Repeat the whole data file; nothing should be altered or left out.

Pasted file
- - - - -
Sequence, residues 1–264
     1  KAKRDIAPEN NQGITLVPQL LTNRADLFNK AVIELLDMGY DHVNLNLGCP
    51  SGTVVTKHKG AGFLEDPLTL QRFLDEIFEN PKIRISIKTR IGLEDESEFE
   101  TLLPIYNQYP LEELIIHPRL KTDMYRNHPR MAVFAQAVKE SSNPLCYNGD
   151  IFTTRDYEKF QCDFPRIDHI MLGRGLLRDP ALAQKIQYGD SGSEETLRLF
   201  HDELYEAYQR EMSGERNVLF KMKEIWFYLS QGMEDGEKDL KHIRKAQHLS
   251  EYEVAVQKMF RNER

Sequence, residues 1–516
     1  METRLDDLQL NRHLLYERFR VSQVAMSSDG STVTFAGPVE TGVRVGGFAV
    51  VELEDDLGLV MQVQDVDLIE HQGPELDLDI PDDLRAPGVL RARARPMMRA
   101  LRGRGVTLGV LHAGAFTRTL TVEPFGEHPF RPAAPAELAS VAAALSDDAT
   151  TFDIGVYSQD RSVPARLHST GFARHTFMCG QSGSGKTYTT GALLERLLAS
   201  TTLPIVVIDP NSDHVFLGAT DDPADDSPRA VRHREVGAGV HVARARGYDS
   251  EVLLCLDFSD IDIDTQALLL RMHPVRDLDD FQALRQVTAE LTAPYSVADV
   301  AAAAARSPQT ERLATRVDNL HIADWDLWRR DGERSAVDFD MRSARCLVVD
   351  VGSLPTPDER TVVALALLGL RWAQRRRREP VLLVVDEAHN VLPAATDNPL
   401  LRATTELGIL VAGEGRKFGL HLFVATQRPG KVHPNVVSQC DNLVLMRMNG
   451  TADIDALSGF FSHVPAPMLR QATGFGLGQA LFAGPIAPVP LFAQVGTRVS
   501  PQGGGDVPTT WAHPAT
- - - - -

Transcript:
Sequence, residues 1–264
     1  KAKRDIAPEN NQGITLVPQL LTNRADLFNK AVIELLDMGY DHVNLNLGCP
    51  SGTVVTKHKG AGFLEDPLTL QRFLDEIFEN PKIRISIKTR IGLEDESEFE
   101  TLLPIYNQYP LEELIIHPRL KTDMYRNHPR MAVFAQAVKE SSNPLCYNGD
   151  IFTTRDYEKF QCDFPRIDHI MLGRGLLRDP ALAQKIQYGD SGSEETLRLF
   201  HDELYEAYQR EMSGERNVLF KMKEIWFYLS QGMEDGEKDL KHIRKAQHLS
   251  EYEVAVQKMF RNER

Sequence, residues 1–516
     1  METRLDDLQL NRHLLYERFR VSQVAMSSDG STVTFAGPVE TGVRVGGFAV
    51  VELEDDLGLV MQVQDVDLIE HQGPELDLDI PDDLRAPGVL RARARPMMRA
   101  LRGRGVTLGV LHAGAFTRTL TVEPFGEHPF RPAAPAELAS VAAALSDDAT
   151  TFDIGVYSQD RSVPARLHST GFARHTFMCG QSGSGKTYTT GALLERLLAS
   201  TTLPIVVIDP NSDHVFLGAT DDPADDSPRA VRHREVGAGV HVARARGYDS
   251  EVLLCLDFSD IDIDTQALLL RMHPVRDLDD FQALRQVTAE LTAPYSVADV
   301  AAAAARSPQT ERLATRVDNL HIADWDLWRR DGERSAVDFD MRSARCLVVD
   351  VGSLPTPDER TVVALALLGL RWAQRRRREP VLLVVDEAHN VLPAATDNPL
   401  LRATTELGIL VAGEGRKFGL HLFVATQRPG KVHPNVVSQC DNLVLMRMNG
   451  TADIDALSGF FSHVPAPMLR QATGFGLGQA LFAGPIAPVP LFAQVGTRVS
   501  PQGGGDVPTT WAHPAT